Peter JEFFREY, Going Against the Stream: Ethical Aspects of Ageing and Care. Collegeville:The Liturgical Press, 2001. pp. 282. pb. ISBN 0-8146-2801-X.
Reviewed by Dolores L. CHRISTIE, CTSA/John Carroll University, UNIVERSITY HEIGHTS, OH 44118

As one might expect, this book deals with such issues as the cost of health care for the ageing, rationing, autonomy, aggressive treatment versus neglect, autonomy in the face of nursing home placement, palliation, advance directives, and assistance in dying. It addresses common myths about aging and confronts some of the major problems facing this generation.

The author frames his discussion in language suggestive of a Catholic view of the human person, as detailed in Gaudium et Spes: made in the image of God, having and possessing value, spiritual and material (limited), part of a community of persons who must be considered in the decision-making process. His conclusions reflect accurately the positions of mainstream Catholic thinking, including those put forth in the American bishops' Ethical and Religious Directives for Catholic Health Care Services; which underscore the dignity of persons, the responsibility to consider the proportionate good posed by medical interventions as well as their proportionate burden. Jeffrey reminds the reader that decisions should be particular to the case and to the personal values of the patient, with a clear prohibition against direct action aimed at taking a human life. He asserts correctly that it is not immoral to discontinue interventions that do not promote the health and wellbeing of patients, and that resuscitation in the elderly is almost always futile. To his credit and the advancement of the discourse, Jeffrey highlights the communal dimensions of elderly autonomy in facing life and death, concerns which are often absent in many contemporary discussions of end-of-life issues, particularly in the American conversation.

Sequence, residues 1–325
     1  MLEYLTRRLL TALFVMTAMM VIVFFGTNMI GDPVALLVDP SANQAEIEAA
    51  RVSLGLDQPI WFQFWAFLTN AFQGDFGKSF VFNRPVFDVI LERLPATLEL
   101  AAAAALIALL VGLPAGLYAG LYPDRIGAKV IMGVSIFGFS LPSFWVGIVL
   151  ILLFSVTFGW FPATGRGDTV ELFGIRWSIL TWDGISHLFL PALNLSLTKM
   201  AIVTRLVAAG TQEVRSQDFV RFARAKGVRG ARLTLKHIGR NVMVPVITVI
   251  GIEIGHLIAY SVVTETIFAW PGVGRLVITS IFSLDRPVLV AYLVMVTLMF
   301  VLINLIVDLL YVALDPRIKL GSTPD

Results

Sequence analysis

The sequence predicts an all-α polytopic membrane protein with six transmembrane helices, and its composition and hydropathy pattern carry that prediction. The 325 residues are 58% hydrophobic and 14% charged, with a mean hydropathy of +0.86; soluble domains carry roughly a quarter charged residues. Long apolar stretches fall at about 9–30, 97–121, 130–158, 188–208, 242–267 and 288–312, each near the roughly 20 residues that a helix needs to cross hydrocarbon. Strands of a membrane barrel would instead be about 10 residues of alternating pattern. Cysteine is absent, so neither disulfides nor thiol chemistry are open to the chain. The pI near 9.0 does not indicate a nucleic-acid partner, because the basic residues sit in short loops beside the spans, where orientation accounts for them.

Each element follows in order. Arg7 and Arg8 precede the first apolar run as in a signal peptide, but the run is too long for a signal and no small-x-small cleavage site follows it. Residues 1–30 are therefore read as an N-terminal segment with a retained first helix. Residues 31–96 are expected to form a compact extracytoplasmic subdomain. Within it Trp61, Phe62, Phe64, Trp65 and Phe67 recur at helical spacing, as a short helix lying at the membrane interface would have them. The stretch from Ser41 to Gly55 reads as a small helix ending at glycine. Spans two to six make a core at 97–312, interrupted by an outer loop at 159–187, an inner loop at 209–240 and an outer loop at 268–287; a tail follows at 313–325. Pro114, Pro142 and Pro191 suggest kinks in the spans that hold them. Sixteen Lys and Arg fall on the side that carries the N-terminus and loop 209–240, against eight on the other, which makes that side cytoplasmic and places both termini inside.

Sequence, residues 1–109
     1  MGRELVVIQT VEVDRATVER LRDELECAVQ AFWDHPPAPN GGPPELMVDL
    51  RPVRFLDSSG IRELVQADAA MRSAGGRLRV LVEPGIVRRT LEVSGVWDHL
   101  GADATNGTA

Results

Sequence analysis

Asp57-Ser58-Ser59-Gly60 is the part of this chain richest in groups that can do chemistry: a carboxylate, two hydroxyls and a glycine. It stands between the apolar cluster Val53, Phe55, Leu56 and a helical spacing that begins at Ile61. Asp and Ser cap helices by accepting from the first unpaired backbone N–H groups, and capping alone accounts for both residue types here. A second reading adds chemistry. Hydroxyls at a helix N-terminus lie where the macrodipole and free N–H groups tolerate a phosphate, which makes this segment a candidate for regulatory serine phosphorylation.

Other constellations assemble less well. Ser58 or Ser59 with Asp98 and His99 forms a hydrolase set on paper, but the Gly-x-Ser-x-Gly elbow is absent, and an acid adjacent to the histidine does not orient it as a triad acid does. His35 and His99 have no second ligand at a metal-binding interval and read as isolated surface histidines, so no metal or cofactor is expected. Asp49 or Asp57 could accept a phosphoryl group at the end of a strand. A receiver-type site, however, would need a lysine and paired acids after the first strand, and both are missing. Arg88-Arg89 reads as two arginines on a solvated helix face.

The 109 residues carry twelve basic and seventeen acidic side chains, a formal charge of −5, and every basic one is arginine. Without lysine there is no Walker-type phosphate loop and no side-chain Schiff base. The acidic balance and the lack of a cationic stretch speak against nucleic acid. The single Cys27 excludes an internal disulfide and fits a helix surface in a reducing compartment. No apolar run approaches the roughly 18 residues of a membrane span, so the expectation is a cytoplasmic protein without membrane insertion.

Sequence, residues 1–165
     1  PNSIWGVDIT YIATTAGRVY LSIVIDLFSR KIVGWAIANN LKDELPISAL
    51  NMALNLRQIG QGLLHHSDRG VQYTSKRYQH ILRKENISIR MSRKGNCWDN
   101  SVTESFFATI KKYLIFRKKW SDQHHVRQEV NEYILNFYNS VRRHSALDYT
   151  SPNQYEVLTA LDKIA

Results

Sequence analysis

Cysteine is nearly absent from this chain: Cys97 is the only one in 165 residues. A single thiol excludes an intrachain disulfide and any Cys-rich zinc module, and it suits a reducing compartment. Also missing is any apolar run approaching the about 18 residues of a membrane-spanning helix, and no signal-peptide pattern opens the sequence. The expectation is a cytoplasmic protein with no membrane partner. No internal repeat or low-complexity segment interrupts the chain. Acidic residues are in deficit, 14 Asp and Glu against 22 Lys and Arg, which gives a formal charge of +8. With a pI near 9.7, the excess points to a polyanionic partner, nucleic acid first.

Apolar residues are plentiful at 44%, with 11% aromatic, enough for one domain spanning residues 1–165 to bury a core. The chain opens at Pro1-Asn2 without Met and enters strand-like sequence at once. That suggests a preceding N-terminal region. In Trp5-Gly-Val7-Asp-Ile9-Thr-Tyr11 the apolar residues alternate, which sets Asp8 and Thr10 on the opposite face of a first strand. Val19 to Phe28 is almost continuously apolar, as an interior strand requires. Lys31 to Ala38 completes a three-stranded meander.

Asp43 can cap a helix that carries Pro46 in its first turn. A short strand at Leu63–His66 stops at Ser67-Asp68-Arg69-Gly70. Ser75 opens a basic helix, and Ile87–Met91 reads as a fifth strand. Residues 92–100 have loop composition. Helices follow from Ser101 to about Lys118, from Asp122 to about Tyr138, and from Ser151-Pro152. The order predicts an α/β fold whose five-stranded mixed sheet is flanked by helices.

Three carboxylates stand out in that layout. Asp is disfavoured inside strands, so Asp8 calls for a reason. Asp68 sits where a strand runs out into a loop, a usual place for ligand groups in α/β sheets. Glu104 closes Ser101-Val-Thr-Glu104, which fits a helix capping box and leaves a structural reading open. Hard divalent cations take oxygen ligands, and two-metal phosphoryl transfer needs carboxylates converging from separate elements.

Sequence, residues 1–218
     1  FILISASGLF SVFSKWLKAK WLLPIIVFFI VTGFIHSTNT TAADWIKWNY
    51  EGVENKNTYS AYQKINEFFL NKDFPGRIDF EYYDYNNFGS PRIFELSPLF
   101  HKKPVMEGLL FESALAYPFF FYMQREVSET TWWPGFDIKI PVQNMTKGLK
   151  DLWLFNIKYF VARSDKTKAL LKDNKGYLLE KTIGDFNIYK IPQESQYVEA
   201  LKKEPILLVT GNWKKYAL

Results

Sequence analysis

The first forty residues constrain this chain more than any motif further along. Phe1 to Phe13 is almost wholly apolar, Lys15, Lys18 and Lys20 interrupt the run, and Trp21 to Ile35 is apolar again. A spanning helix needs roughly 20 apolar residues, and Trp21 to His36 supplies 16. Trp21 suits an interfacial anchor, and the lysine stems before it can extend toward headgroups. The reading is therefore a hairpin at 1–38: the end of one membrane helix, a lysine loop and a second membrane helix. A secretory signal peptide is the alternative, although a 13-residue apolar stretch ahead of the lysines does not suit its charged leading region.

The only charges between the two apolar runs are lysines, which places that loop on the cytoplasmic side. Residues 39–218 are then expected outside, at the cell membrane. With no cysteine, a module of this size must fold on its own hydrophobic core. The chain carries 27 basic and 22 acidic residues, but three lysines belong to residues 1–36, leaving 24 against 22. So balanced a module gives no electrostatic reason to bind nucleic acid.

This reviewer had some minor bones to pick with the book. Jeffrey's vision of an ideal future world for the elderly—wonderfully equipped and staffed nursing homes—reflects more a sterile approach to the how life should conclude than a satisfying reality. It is a vision with a narrow viewing audience, since even by his statistics less than half the population will end their days in long-term care. Sometimes Jeffrey condenses his arguments into an either-or approach. The issues are much more complex than such a polarized model suggests. Just as "pro-choice" and "pro-life" do not spell out sufficiently the nuances of the abortion debate, "pro-totally aggressive treatment" and "pro-euthanasia" do not elaborate sufficiently the complicated concerns surrounding the dying. While Jeffrey's development of ideas is sometimes very careful and appropriate, there are instances where he paints with too broad a brush and ends up with somewhat murky caricature rather than a good analysis. Reducing "death with dignity" arguments to manipulative ploys of those who wish to promote euthanasia, for example, is not a fair representation of the complex issue.

There are many good things about the book. Particularly helpful is the section in his chapter, "Opening the Final Door," which details the process of dying. Ultimately, care of the elderly should be a ministry to persons, what the author says is "caring about" rather than simply "caring for." The former connotes a sensitivity to issues of dignity and caring, rather than an emphasis on the physical and efficient.

The appendices review the debate on the duty to treat or not treat, the position of the Catholic tradition on withholding or withdrawing treatment and an ethical framework for decision-making at life's end. This last is one of the most helpful sections of the book. Three principles for an ethical framework for end-of-life decision-making are offered. They include respect for the inherent dignity of every person, cognizance of the concrete state of this patient and his or her needs, and the affirmation of both the intrinsic value of the person and the necessary mortality that is part of all life.

For American readers Jeffrey's perspective and sometimes his turn of phrase will make the text slightly off-putting. Nevertheless, the author's focus renders this book suitable reading in the area of geriatrics and end of life. While there has been a recent proliferation of books which deal with end-of-life topics, not all situate their arguments in the dignity of the human person and the essential relatedness of human beings. For that reason alone, the book should be taken seriously.

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